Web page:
The cluster, or competitive hub, is still a new concept in Greece, and its based on the model of Sophia-Antipolis (Alpes-Maritimes) in France, and on the Silicon Valley in the U.S. “It’s a perfect tool for putting companies into contact with each other, so that they exchange, collaborate and become mutually beneficial contacts in a sector and therefore more competitive in the global market,” explains Vassilis Makios, director of Corallia.
This former professor of the renowned technical University of Patras laments the hemorrhaging of talent that he has witnessed. “Over time, I’ve seen more than 600 students who have found success abroad, and now I want to create the conditions and economic environment to allow them to stay here and produce money and jobs for their own country,” Makios says.
European funds finance half of Corallia’s annual budget of 10 million euro. “Now we are experiencing real success, notably in the nano and microelectronic cluster,” the company’s financial director, Jorge Sanchez-Pasaspiliou, notes with delight. “For example, Samsung has bought Nanoradio, a Patras startup, the giant Citrix bought out Bytemobile, and the Siva group has invested in Antcor.”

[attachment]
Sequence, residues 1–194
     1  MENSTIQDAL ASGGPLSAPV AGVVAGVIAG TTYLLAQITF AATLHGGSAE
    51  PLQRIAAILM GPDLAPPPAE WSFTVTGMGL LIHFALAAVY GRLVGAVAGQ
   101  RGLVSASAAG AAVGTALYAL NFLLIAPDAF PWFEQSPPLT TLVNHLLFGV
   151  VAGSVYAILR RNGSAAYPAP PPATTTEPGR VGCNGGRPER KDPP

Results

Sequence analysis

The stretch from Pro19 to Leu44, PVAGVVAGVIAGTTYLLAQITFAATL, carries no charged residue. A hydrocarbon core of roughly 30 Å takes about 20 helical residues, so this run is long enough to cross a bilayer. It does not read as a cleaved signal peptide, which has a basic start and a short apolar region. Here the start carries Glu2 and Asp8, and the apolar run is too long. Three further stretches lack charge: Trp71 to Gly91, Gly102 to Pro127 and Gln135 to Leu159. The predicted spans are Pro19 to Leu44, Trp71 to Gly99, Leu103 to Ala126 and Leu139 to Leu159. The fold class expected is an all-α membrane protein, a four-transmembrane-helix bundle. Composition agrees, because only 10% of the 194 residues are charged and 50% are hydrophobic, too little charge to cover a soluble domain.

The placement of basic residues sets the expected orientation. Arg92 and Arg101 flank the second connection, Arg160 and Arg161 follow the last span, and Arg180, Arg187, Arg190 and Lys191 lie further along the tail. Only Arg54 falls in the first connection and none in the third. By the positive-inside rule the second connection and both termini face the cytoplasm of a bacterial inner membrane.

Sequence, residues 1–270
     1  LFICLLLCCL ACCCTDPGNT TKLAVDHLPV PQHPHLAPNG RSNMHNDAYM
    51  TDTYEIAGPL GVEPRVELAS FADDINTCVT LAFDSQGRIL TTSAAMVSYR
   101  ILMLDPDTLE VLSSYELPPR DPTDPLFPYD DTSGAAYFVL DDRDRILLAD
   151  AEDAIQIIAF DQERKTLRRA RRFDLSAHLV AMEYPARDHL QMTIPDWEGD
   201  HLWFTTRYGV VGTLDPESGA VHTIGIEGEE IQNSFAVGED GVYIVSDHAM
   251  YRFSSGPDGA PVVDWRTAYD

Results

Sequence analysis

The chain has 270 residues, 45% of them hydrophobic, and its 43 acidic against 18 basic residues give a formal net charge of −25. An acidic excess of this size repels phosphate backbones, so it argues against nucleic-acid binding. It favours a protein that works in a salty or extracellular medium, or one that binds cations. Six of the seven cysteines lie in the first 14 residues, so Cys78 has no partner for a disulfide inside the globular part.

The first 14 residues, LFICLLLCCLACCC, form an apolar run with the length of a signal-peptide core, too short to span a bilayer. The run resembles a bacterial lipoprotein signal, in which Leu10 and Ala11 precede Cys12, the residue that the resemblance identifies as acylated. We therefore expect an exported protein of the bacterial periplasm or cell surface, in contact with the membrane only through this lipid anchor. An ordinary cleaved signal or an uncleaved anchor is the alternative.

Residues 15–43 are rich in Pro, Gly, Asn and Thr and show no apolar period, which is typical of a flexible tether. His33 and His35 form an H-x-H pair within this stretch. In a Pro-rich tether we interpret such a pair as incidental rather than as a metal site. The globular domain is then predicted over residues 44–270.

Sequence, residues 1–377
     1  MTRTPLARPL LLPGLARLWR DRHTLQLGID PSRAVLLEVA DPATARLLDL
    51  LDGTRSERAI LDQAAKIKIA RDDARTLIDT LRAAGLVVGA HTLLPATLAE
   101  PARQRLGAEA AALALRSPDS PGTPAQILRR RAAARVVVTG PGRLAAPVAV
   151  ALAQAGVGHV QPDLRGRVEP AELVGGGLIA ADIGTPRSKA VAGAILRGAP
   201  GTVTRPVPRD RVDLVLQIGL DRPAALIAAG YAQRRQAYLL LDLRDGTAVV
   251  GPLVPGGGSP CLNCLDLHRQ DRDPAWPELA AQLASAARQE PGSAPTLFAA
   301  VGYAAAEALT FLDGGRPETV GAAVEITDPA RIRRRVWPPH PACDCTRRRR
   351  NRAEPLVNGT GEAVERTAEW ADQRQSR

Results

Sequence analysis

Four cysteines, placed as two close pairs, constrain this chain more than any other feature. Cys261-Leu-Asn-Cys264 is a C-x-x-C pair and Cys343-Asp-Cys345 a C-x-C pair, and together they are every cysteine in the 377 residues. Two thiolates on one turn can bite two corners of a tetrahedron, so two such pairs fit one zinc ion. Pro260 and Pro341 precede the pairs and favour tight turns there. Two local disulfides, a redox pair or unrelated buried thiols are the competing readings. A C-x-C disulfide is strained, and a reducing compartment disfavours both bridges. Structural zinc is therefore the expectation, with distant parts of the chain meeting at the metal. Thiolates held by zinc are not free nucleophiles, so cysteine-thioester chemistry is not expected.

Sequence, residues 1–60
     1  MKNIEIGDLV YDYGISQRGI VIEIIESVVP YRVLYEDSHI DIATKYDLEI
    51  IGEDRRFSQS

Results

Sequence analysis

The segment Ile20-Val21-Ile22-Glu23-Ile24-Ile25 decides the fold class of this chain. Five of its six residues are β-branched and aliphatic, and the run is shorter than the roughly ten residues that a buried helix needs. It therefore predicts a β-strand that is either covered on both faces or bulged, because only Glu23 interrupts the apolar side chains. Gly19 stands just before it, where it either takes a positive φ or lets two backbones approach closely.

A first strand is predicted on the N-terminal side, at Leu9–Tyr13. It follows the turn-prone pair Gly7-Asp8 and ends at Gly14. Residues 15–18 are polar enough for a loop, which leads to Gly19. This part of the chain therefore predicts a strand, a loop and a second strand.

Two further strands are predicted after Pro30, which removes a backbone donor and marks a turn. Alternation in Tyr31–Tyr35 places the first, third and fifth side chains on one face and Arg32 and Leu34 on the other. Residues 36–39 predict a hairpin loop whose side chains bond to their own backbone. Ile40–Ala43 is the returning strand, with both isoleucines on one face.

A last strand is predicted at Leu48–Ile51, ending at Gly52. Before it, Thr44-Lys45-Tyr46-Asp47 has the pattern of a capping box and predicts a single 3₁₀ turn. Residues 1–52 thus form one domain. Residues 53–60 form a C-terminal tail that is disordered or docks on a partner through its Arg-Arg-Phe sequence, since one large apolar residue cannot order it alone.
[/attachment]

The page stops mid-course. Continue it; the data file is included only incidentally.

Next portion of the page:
Antcor is a business founded in 2004 that creates wifi processors for tablets and mobiles. These products are moved on to microchip producers. In 2012, it recorded a growth rate approaching 70%. In this year alone, its staff has grown from 15 to 20 employees.
“We are not suffering from the crisis that is affecting the rest of the country because our clientele isn’t local, it’s global,” says Costas Meimetis, Antcor’s president and cofounder. “What’s more, we’re avoiding the widespread issue of poor cash flow linked to the banking sector’s collapse in 2008, as our investors are also international.”
Taxibeat going international
Another example of extensively covered success is the smartphone app Taxibeat. This service allows the consumer to quickly find a taxi, pick their specific preferences (type of car, services on board) and then review their experience. Launched in 2011 in Athens, Taxibeat has since expanded to France, Mexico and Brazil, and should soon be introduced in Peru and Colombia. “The service works particularly well in countries that have a security or quality problem, because the client can now choose their taxi from a trustworthy source,” explains Spyros Dovas, manager at Taxibeat.